A nice set of two Dutch East-Indies passports

Dutch East-Indies passports

Randomly I came into possession of a nice Dutch East Indies (EI) passport set, consisting of two huge passports issued in Batavia and a standard Dutch passport for three children born in Batavia. The first time I have seen such documents was when I met up with my fellow collector Theo in Amsterdam last spring. Theo has an extensive collection of Dutch passports, including the East Indies. It was a joy to see a part of his collection and to listen to his explanations. He is indeed a competence when it comes to Dutch passports. Theo also did some research on the names and found the following. Dutch East-Indies passports

It looks like the Dutch East Indies passport was only used to travel with the family to the Netherlands. The route followed is the most common one, with several stops on the way. Five guilders was the passport fee for a passport with two or more persons. The annual extensions were done in NL, passport fee one guilder. These EI passports were also valid as NL passports, therefore the NL extensions. And not a new NL passport issued. Dutch East-Indies passports

The Netherlands passport was issued to the children only (oldest kid, accompanied by younger brother and sister). This way, they could all travel with either parent. It’s a passport-type that was used for less than one year only.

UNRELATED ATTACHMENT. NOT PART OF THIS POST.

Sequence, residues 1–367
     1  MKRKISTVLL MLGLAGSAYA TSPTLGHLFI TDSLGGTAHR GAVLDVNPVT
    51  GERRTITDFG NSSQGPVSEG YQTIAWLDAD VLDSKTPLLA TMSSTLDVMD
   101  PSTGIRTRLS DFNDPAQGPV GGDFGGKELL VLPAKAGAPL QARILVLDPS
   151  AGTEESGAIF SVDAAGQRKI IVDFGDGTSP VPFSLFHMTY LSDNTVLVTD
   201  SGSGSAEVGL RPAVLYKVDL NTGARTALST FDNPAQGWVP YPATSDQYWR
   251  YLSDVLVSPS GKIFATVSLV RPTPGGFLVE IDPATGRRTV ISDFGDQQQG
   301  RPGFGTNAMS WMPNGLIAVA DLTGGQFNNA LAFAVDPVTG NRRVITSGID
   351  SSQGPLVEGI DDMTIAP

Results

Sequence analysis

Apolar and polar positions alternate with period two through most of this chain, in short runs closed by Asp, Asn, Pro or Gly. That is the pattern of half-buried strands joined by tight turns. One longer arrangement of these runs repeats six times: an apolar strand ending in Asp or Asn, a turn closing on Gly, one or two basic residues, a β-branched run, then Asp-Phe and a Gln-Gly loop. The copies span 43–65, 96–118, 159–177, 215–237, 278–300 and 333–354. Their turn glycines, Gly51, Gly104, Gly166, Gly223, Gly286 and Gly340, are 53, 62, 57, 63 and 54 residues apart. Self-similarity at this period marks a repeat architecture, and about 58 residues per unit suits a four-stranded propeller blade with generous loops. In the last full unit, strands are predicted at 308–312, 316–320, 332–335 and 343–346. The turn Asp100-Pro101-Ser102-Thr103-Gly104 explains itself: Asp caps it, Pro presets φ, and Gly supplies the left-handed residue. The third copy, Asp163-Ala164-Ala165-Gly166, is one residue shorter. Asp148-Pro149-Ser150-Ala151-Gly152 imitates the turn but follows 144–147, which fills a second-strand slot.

The family Hondius van Herwerden lived in Amsterdam and The Hague (Voorburg) area, where he passed away in 1943. By then, Theodora, one of the children, already passed away in 1936 (T.C.F.), because only two are mentioned in the newspaper announcement. (A.M.T. and P.F.) and Anna (A.M.T) passed away just a few months after her father in 1943 (given the sources mentioned below, I would have to look further for more detailed info). I don’t know what also happened with this family or what his profession was.

The Dutch East-Indies passports are the largest booklets I’ve ever seen and measures 13,5 x 21,5 cm (closed)

Dutch East-Indies passports
Issued 1931 in Batavia to Frederick Alexander Christiaan Wethmar
Dutch East-Indies passports
Issued 1922 in Batavia to Hondius van Herwerden
Dutch East-Indies passports
Visas British Territory, Italy, and Germany
Dutch East-Indies passports
As 12 pages were full, extension pages were added to stamp a German and a Swiss visa
Dutch East-Indies passports
According to Theo, this passport type was used for less than a year only
Dutch East-Indies passports
… and was issued for the three children of Hondius van Herwerden
Dutch East-Indies passports
German visa to the Netherlands and extension of residence permit in Sonthofen, Bavaria, Germany

Governor-General of the Dutch East Indies in 1922 was Dirk Fock, and from Sep 1931 on, it was Bonifacius Cornelis de Jonge until 1936.

Dutch East-Indies passports

FAQ Passport History
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1. What are the earliest known examples of passports, and how have they evolved?

The word "passport" came up only in the mid 15th Century. Before that, such documents were safe conducts, recommendations or protection letters. On a practical aspect, the earliest passport I have seen was from the mid 16th Century. Read more...

2. Are there any notable historical figures or personalities whose passports are highly sought after by collectors?

Every collector is doing well to define his collection focus, and yes, there are collectors looking for Celebrity passports and travel documents of historical figures like Winston Churchill, Brothers Grimm, Johann Wolfgang von Goethe. Read more...

3. How did passport designs and security features change throughout different periods in history, and what impact did these changes have on forgery prevention?